“Decoupled” Commissions: What it Means for NJ and PA Real Estate Agents


Real estate agents taking our NJ real estate broker class recently had lots of questions about this hot topic of “decoupling” commissions. Our clients, coworkers and friends will be asking us what this all means, so let’s take a minute to understand what the government is proposing. If you are just thinking of signing up for real estate school, you should understand the implications.

The plethora of lawsuits against real estate firms, Multiple Listing Services, and NAR has been nothing less than head-spinning in the past year. The multi-billion-dollar jury awards against some of our largest brokerage firms have been appealed, yet more suits have been filed every week, and while real estate agents may be confused at the state of the industry, one thing is absolutely certain:

We will not be compensated the same way in the future.

The US Department of Justice.

The latest iteration of the U. S. Department of Justice’s campaign against the status quo was their decision last week to require real estate brokers to “decouple” commissions. The DOJ’s reasoning is that by requiring buyer-side commissions to be paid by the seller, this increases the seller’s costs of selling his property, and therefore the buyer pays more. If the buyer were to compensate the buyer’s broker directly, the theory goes, then the buyer could potentially negotiate a lower fee than what their broker currently receives from the seller

This the buyer (theoretically) pays X% less for the property because the seller would only be paying the listing broker’s commission, and the buyer could then shop around for a broker who would represent her for a much lower commission than those traditional co-op commissions.

How the Numbers Work Today.

With the caveat that this in no way suggests fixed or standard commissions, let’s do a math example:

Mr. Smith lists his home with ABC Realty under the current system at a 6% commission, with a 50/50 split to a buyer’s broker. The home sells for $600,000. The seller is charged $36,000 total commission, of which $18,000 goes to the listing broker and $18,000 to the buyer’s broker.

How the DOJ’s Decoupled Commissions would (Theoretically) Work.

The DOJ argues that if commissions were decoupled, the following scenario would be likely.

Smith pays 3% commission ($18,000) to ABC Realty, his listing broker. This would allow Smith to reduce the sale price of his home by the $18,000 he no longer has to pay a buyer’s broker, so he sells it for $582,000, still netting the same amount.

Janet Jones may not have qualified for the home at $600,000, but at $582,000, she can buy her dream home, and she goes to contract at that price. Janet shops around for an agent and finds one who will represent her for $6,000.

To summarize, the seller netted $564,000 (sale price minus commissions) under both the current and decoupled methods. The buyer, however, paid $600,000 for her new home under the traditional model, but only paid $588,000 ($582,000  + $6,000) with decoupled commissions.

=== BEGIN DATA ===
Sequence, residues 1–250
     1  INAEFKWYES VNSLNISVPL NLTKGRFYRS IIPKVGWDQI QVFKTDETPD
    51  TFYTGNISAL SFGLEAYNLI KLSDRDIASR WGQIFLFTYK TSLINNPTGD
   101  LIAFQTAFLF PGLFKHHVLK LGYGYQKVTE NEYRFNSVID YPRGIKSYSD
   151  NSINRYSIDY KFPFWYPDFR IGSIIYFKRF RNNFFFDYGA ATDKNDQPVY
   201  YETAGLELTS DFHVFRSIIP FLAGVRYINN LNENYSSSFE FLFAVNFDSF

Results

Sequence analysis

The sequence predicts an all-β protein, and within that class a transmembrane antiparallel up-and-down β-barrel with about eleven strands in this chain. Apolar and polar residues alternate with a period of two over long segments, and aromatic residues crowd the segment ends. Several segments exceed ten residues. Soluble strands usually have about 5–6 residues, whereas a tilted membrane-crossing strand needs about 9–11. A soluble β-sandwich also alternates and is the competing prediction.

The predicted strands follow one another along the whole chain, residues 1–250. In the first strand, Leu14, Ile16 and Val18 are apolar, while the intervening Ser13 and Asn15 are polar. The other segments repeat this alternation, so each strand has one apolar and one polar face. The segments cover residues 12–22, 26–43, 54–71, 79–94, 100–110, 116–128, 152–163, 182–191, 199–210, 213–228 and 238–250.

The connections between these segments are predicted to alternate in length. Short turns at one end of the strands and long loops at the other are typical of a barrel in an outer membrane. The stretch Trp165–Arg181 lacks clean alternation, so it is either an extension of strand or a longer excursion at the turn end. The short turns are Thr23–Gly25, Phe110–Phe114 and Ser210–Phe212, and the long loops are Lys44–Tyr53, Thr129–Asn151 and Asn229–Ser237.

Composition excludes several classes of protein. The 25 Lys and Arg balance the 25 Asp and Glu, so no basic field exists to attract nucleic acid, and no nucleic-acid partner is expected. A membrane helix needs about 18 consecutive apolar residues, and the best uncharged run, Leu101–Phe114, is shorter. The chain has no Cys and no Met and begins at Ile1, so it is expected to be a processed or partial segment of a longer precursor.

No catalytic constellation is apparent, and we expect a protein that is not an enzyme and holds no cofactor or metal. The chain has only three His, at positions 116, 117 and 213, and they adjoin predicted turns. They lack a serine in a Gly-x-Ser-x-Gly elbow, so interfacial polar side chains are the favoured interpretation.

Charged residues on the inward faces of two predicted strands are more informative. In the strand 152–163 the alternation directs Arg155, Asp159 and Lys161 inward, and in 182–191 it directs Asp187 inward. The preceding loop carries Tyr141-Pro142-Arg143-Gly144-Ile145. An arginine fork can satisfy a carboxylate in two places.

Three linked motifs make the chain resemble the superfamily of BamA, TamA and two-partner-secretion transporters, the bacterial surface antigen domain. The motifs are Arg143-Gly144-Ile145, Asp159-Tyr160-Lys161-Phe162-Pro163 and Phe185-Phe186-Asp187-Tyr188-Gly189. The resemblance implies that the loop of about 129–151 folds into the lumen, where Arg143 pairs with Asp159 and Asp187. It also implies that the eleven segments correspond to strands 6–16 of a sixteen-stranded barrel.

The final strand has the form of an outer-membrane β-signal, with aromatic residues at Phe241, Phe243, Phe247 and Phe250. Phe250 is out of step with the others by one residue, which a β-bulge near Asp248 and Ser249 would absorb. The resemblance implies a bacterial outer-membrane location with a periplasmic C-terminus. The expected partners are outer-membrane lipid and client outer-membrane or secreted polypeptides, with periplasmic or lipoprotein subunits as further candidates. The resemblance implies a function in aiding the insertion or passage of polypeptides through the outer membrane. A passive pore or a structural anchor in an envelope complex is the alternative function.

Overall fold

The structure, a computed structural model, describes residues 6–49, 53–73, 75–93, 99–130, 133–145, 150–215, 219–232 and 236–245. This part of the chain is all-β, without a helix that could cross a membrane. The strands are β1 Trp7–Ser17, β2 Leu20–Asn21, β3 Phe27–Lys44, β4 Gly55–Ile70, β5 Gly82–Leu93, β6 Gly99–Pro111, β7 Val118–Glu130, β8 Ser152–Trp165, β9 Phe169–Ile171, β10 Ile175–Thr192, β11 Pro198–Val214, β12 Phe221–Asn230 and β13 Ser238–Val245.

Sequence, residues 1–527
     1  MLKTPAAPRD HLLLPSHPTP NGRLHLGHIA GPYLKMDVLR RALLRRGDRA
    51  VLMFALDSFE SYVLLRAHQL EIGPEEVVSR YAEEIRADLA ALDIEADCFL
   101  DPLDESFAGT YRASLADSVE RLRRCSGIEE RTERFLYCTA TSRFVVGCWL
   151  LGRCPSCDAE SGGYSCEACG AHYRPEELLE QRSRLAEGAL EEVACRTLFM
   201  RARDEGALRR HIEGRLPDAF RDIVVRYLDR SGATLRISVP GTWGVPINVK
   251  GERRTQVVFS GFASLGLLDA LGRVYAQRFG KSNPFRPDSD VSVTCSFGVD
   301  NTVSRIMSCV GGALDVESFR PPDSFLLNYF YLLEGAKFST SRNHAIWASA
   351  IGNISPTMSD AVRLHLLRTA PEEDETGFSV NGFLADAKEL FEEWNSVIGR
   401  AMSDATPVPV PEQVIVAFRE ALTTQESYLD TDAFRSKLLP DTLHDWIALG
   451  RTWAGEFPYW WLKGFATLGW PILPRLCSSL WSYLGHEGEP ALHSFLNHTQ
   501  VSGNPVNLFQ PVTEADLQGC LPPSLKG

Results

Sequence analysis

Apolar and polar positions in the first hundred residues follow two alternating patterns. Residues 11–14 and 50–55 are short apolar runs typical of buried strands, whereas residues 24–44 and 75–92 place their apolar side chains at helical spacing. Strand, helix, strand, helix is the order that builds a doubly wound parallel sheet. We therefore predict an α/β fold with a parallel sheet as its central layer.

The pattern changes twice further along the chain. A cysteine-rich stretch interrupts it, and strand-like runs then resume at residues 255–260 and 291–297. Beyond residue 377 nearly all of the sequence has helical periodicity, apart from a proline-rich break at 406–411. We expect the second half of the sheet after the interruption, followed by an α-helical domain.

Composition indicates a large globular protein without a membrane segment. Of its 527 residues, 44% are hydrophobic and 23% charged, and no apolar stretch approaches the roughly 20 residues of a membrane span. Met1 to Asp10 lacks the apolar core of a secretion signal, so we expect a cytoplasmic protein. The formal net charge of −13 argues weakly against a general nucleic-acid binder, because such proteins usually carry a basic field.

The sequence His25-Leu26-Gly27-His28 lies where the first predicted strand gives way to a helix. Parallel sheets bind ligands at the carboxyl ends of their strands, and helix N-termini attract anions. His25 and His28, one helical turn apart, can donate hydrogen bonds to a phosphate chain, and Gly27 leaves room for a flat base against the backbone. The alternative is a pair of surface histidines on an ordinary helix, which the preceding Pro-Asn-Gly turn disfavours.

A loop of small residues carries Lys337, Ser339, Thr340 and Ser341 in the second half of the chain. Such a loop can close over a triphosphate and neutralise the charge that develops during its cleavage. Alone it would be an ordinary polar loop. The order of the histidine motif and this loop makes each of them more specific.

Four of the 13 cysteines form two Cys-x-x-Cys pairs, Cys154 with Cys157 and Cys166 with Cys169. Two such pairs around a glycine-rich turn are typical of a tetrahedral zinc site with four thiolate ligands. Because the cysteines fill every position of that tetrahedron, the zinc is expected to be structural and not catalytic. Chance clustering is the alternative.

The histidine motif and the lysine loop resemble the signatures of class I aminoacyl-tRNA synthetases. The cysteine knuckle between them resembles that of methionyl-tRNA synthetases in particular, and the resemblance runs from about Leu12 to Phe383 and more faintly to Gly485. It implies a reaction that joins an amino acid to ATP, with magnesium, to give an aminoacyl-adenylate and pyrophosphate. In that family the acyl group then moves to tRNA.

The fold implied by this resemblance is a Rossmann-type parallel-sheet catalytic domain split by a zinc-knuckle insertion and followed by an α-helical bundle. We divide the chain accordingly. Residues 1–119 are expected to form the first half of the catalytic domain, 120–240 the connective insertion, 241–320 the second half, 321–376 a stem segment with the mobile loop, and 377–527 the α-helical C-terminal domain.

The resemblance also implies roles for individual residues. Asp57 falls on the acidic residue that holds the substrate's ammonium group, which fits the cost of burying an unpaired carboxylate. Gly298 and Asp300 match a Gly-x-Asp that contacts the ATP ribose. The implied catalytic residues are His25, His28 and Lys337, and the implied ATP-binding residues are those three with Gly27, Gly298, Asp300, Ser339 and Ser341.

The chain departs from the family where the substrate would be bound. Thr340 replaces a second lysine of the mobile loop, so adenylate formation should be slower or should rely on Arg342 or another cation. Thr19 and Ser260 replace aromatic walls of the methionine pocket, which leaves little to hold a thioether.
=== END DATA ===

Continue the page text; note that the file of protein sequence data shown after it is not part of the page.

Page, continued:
Questions? Answers?

There are more questions than answers as to how the DOJ’s recommendations would affect the market. For example:

  • Would dual agency be able to exist?
  • Would the sellers actually reduce their property price by the amount they no longer have to pay a buyer’s broker? Or, when their listing agent shows the current market value of their home is $600,000, would they insist on selling it for market price? If so, the buyers would be paying significantly more after then having to pay their own commissions.
  • How will lenders treat the buyer-side commissions paid, which would add thousands of dollars to a buyer’s up-front costs? If they are applying for low-downpayment loans such as FHA/USDA or VA loans, how will the lender treat the minimum downpayment plus the buyer-side commission?

HomeServices study

A 2022 study by HomeServices of America titled, “Be Careful What You Wish For: the Economic Impact of Changing the Structure of Real Estate Agent Fees” found that requiring buyers to pay commissions would have a very negative effect on large segments of the home-buying public, especially on minority and first-time home buyers.


Garden State Real Estate Academy has evening, daytime, in-classroom and online real estate classes that start every couple of weeks. For information on the real estate school’s upcoming New Jersey and Pennsylvania licensing classes, click here: https://www.gsreacademy.com/pre-licensing-courses/

David C. Forward is a licensed real estate broker and instructor and was first licensed as a Realtor® 36 years ago. During his career, David and his business partner sold more than 500 homes in South Jersey.  He is now School Director of Garden Real Estate Academy, has won numerous awards for real estate sales, is a much-requested public speaker who has addressed audiences on six continents. His 20th book Zero to Hero: Winning strategies for new real estate agents to become SuperStars just released.

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